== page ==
Supper at Emmaus (Caravaggio, 1602)
[Public Domain]


'...he had been made known to them in the breaking of the bread.'
[Luke 24.35b]

In the Gospel of Luke, Christ's first resurrection appearance is a surreal affair. It takes place on the road to Emmaus, a small town approximately seven miles north-west of Jerusalem. Two of Jesus' followers, Simon and Cleopas, are heading back to Galilee. Despite reports that some of their friends had seen the Lord, they are desolate--all their hopes have been dashed. They are joined by a mysterious stranger who accompanies them on the road. The stranger admonishes them for doubting that Jesus the Nazarene was the Messiah and King of Israel. He then proceeds to explain the scriptures to them. On reaching Emmaus, Simon and Cleopas invite the stranger to eat dinner with them. The stranger joins them and then takes, blesses, and breaks the bread. They immediately recognize that the stranger is in fact Jesus, who then promptly vanishes from their sight. 

The Emmaus story is wonderful opportunity for us to reflect on the mystery of the Eucharist. The host is not unlike a lens or a looking glass through which we are able to catch a glimpse of the Divine. In turn, the Mass can be seen as being about looking: in the Liturgy of the Word, we are taught how and where to look. The Liturgy of the Eucharist is the opportunity to look. In eating the body and blood, we enter into a mystical relationship with God. Unlike Simon and Cleopas who were able to see him face-to-face, we are limited to seeing Jesus through a glass, darkly (1 Cor. 13.12). It is to us a foreshadowing of the vision of God we will experience in the next life. Aquinas puts it as such: 

O Christ whom now beneath a veil we see, 
May what we thirst for soon our portion be, 
To gaze on thee unveiled, and see thy face, 
The vision of thy glory and thy grace.

Music: Ralph Vaughan Williams
Words: George Herbert
Artists: Sir Thomas Allen & BBC Symphony Chorus, BBC Symphony Orchestra/Leonard Slatkin 

The English Composer Ralph Vaughan Williams' Five Mystical Songs are a setting for Baritone, Chorus, and Orchestra of five poems by the seventeenth-century Anglican poet George Herbert. The third song is a setting of what is, according to Seamus Heaney, the greatest poem in the English Language: Love (3).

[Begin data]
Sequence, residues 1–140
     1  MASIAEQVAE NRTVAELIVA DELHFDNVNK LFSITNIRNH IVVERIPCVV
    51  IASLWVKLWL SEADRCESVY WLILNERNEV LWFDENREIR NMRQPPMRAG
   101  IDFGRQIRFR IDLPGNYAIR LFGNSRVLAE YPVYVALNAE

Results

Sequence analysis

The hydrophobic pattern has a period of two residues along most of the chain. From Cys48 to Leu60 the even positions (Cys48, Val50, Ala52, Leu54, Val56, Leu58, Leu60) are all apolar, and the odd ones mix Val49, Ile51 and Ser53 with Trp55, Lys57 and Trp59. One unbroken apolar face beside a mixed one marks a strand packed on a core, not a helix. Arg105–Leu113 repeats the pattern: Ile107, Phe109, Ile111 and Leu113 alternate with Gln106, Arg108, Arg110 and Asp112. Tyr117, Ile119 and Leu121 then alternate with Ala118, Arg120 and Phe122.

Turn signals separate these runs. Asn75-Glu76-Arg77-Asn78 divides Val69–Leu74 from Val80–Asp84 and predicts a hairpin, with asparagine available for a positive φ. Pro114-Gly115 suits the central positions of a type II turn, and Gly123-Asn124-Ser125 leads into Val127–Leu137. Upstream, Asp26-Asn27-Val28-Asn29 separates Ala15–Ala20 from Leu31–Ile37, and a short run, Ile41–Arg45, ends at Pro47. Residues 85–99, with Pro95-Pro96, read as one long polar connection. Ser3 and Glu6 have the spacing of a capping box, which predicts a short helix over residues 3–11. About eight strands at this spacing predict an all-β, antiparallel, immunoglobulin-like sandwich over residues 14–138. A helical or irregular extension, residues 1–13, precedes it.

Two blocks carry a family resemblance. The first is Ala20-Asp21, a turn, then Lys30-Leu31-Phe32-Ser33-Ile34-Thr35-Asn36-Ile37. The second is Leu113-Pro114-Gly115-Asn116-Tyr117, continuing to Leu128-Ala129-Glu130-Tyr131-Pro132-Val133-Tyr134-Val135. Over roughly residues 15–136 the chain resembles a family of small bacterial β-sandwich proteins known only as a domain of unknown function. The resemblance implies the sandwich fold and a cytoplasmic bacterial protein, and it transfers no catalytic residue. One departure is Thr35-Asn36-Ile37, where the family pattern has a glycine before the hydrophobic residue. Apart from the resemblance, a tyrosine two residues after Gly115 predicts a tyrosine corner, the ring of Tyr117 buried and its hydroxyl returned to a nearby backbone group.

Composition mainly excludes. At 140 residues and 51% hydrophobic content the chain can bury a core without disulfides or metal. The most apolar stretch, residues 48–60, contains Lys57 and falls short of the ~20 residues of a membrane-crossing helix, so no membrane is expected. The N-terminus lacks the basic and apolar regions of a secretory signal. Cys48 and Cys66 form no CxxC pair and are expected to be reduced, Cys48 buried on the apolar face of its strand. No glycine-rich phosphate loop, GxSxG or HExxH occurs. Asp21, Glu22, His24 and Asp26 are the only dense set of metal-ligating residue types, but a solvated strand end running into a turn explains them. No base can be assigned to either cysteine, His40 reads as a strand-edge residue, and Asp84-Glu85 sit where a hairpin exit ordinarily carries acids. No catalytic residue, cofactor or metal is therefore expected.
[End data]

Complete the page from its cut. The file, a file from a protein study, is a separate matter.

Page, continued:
The poem is a dialogue between Jesus, who is called 'Love' (indeed 'God is Love...'), and a sinful soul approaching the heavenly banquet. After a short discourse, the sinner is assured of the bottomless forgiveness and redemptive power of Love's death on the cross. The sinner then joins the table and eats. 

Vaughan Williams' setting is powerful and expressive with the orchestra painting the tone of the two sides of the dialogue. In the final two lines, the chorus begin hum the Gregorian chant O Sacrum Convivium (O Sacred Banquet) thus highlighting the mystical relationship between the Eucharist and  the heavenly feast. 

Love (3)

Love bade me welcome. Yet my soul drew back,
                              Guilty of dust and sin.
But quick-eyed Love, observing me grow slack 
                             From my first entrance in,
Drew nearer to me, sweetly questioning,
                             If I lacked any thing.
A guest, I answered, worthy to be here:
                             Love said, You shall be he.
I the unkind, ungrateful? Ah my dear,
                             I cannot look on thee.
Love took my hand, and smiling did reply,
                             Who made the eyes but I?
Truth Lord, but I have marred them: let my shame
                             Go where it doth deserve.
And know you not, says Love, who bore the blame?
                             My dear, then I will serve.
You must sit down, says Love, and taste my meat:
                             So I did sit and eat.

M Adach
S. George's Day, 2020


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